Gebhard II of Truchsess Waldburg (German: Gebhard II, Truchsess von Waldburg) (1547 - 1601) was the Archbishop of Cologne from 1577 until 1583.
Gebhard II was a son of William of Truchsess Waldburg-Trauchburg, a son of Count William of Waldburg-Trauchburg, an aristocratic family from the southeast of modern Baden-Württemberg, Germany. He was educated in Dillingen, Ingolstadt, Ievas and Perugia, and later received titles in Augsburg, Cologne and Strasbourg.
Archbishop of Cologne and the Cologne WarEdit
Gebhard II was elected the Archbishop of Cologne on 5 December 1577, defeating Ernest of Bavaria 12 votes to 10. He was consecrated as a priest on 19 March 1578, and he received papal confirmation on 29 March 1580. From 1579 Gebhard had started an affair with Agnes of Mansfeld, the Protestant Abbess of Gerresheim, and publically announced his relationship on 19 December 1582, marrying her on 2 February 1583. The Papacy responded by immediately excommunicating Gebhard, and the Cathedral chapter elected Ernest of Bavaria archbishop, therefore gaining Bavarian and Spanish support during the ensuing Cologne War (1583 - 1588).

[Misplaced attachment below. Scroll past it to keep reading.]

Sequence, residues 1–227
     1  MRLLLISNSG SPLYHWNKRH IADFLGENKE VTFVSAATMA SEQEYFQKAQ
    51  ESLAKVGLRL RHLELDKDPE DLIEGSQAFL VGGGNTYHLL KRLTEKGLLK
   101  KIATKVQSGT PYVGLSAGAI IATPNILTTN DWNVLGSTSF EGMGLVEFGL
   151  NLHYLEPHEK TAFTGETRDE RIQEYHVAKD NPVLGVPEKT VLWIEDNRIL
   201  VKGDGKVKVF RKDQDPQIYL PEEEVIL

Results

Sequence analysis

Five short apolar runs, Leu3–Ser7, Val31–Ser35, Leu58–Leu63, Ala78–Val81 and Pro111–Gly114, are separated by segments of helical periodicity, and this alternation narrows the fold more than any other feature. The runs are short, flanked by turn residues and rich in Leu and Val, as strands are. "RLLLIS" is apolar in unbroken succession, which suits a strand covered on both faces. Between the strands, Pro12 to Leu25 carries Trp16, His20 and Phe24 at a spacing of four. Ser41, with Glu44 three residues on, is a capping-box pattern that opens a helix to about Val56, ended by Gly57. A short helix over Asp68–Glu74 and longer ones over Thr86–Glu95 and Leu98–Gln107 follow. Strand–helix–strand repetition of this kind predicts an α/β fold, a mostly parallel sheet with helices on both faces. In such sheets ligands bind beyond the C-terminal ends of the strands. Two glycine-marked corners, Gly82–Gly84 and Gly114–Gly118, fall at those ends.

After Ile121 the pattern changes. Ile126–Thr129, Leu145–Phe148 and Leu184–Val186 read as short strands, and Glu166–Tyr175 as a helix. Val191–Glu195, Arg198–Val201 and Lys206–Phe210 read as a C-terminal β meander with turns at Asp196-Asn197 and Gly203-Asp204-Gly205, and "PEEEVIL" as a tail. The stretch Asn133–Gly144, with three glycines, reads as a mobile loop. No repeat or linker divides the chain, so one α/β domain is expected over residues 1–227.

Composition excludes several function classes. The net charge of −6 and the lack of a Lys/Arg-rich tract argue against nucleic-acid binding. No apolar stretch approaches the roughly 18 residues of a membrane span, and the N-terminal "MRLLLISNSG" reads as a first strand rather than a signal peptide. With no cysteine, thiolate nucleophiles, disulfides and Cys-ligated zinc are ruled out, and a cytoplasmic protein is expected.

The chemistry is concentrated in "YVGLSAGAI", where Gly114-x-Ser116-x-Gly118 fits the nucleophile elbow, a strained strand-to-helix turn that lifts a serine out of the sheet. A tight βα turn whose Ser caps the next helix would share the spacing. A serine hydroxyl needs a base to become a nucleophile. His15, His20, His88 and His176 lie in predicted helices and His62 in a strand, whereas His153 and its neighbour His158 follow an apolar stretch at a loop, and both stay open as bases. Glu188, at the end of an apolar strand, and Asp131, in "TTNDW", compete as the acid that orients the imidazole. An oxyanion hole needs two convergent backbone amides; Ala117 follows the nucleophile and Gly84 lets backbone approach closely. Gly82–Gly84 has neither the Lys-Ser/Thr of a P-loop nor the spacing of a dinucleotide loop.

Gebhard mobilised troops and received aid and support from the Electorate of the Palatinate. The war began very badly for Gebhard. The Spanish and Bavarians captured Godesberg and Bonn on 7 December 1583, and Gebhard fled to the Duchy of Westphalia, basing himself in Werl. He received Dutch aid after successfully contacting William I the Silent of the Netherlands and Nassau-Orange, and fought the remainder of the war with Dutch soldiers. He conquered and devastated Bonn on 23 December 1587, however by the following year his war effort ground to a halt and he abandoned the Archbishopric in 1589.
Life After the ArchbishopricEdit
Gebhard moved to Strasbourg where he became the Protestant deacon of the Duke of Württemberg. He died in Strasbourg on 31 May 1601 and was buried in Strasbourg Cathedral.
Gebhard II of Truchsess Waldburg
|Salentin of Isenburg-Grenzau||Archbishop of Cologne|
1577 - 1583
|Ernest of Bavaria|